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Rhodes still cuts through the field
Telford Vice | March 27, 2007 18:27 IST
Latch on to the ball with your hands and hurl it towards your chosen target. Simple, surely.
Surely not, according to Jonty Rhodes, a livewire fielder in his playing days and now South Africa's fielding coach.
"I've been trying to work really hard on body position," Rhodes told reporters. "You can have great hands, but if you can't get to the ball the hands aren't going to help.
"So a lot of it is footwork and getting the body into the right position. Not only to catch the ball, but also to throw the ball.
"The key is anticipation, because first of all you don't want the ball to get past you."
Teams in Group A of the World Cup were presented with an unusual challenge in the shape of the match venue, Warner Park in Basseterre, St Kitts, which is one of the smallest grounds in international cricket.
"The guys at third man and fine leg are vital on this ground," Rhodes said. "Half a hit down there, and it goes for four.
"If a batsman squeezes out a yorker it's likely to go for four."
South Africa's fielding has long been respected and former players like Colin Bland and Peter Kirsten were renowned for their predatory prowess in the covers.
But Rhodes took the art to a new level when he burst on to the scene following South Africa's return from international isolation in the early 1990s.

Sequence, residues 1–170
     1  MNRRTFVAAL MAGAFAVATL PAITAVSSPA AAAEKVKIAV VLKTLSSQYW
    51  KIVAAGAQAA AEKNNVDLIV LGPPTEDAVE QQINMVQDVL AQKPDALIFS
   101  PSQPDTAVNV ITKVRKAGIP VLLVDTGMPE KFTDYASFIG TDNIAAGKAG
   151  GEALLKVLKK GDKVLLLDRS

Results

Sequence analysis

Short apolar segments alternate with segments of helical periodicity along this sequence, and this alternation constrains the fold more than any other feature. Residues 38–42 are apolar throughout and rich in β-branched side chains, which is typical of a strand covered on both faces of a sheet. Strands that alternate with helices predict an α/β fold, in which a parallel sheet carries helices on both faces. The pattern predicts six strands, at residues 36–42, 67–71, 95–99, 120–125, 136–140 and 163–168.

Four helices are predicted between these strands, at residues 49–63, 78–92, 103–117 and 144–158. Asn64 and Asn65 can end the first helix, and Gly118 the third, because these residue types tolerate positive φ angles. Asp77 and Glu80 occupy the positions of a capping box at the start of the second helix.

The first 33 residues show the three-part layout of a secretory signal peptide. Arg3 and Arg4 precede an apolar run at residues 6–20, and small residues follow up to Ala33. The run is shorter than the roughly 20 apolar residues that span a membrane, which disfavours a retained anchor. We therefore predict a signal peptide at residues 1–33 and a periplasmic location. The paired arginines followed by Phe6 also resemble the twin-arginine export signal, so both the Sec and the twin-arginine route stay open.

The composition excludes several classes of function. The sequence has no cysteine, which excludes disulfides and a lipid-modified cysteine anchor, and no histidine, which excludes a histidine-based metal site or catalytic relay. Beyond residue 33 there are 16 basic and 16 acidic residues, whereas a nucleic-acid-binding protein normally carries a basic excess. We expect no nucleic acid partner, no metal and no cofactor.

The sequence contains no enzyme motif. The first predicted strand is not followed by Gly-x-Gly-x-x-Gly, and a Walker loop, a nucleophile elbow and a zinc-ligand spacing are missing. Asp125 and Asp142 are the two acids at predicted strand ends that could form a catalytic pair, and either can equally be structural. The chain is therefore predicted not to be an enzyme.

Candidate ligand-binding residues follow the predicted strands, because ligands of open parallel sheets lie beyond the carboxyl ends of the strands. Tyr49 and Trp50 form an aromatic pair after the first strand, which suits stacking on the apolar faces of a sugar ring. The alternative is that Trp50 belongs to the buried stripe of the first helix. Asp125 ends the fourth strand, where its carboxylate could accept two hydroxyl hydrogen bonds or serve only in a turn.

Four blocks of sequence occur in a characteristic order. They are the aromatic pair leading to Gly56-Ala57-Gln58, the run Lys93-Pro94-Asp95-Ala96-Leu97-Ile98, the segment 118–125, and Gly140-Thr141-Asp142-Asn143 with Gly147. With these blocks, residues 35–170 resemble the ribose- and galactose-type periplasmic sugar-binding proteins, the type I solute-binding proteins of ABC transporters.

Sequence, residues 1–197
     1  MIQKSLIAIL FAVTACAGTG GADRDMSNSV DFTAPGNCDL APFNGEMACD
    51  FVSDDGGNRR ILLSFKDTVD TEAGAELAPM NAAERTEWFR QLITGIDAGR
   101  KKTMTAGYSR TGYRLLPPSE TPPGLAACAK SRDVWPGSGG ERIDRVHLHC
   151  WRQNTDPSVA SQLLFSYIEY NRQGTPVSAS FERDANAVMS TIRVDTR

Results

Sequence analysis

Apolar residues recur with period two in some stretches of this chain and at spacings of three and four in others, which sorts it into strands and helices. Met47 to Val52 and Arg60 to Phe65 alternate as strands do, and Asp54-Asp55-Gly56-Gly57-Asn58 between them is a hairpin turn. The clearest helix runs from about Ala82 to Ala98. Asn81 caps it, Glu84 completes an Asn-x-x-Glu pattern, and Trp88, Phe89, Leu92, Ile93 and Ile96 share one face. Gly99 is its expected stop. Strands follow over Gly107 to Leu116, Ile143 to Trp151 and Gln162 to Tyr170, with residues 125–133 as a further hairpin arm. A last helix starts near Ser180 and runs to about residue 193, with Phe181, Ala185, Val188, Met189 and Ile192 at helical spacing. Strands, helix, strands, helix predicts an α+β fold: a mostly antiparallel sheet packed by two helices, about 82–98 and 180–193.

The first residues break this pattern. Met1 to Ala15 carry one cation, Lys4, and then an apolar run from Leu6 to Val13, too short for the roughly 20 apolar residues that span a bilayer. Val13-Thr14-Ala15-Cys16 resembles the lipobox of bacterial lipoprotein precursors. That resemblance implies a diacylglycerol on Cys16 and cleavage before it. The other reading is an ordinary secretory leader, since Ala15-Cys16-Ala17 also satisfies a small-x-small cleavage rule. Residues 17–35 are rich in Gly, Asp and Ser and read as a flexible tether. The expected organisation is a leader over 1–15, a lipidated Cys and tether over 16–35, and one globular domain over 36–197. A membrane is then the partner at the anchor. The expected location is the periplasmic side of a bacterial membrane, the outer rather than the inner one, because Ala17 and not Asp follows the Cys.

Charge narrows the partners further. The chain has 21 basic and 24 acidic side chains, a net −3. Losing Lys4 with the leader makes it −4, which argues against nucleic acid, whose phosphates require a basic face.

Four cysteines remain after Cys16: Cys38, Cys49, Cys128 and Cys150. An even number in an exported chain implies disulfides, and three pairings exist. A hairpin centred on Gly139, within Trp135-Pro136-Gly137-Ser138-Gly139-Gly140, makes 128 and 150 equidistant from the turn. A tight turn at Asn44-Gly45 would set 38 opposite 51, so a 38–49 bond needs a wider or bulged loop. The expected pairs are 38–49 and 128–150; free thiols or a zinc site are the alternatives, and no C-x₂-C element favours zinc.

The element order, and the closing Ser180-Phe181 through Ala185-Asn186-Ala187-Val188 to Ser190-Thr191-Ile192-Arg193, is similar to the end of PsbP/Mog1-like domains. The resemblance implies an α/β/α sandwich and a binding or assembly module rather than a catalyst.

He will always be remembered for his diving runout of Pakistan's Inzamam-ul-Haq during the 1992 World Cup.
Fielding rather than batting, Rhodes said, was his ticket to the tournament.
"I went to the 1992 World Cup because I could field," he said. "There must have been far better players than me to choose from, but (then South African captain) Kepler Wessels insisted that there are big fields in Australia and you needed young legs.
"You can be an all-rounder if you save runs in the field."
Rhodes held the current generation of South Africa's sharpest fielders in high regard.
"We have guys like Herschelle (Gibbs), AB (de Villiers) and Ashwell (Prince) who are awesome in the inner ring," Rhodes said. "Batsmen have to find a very small gap to get past them."
Shaun Pollock, meanwhile, patrols the outfield with special vigilance.
"'Polly' is an old man in the team, but his movement is great," Rhodes said. "He gets his feet and body position right."
Rhodes's approach to fielding drills emphasised quality rather than quantity.
"Most of the skills in cricket concern batting and bowling, and if you work on those for three hours and then have to do a 40-minute fielding session it makes for a long day," he said.
"Sometimes I work with the guys for just five minutes. We don't practise for the sake of practising, if I see something wrong we'll work on it.
"When the guys leave their hands are stinging but then it's over."
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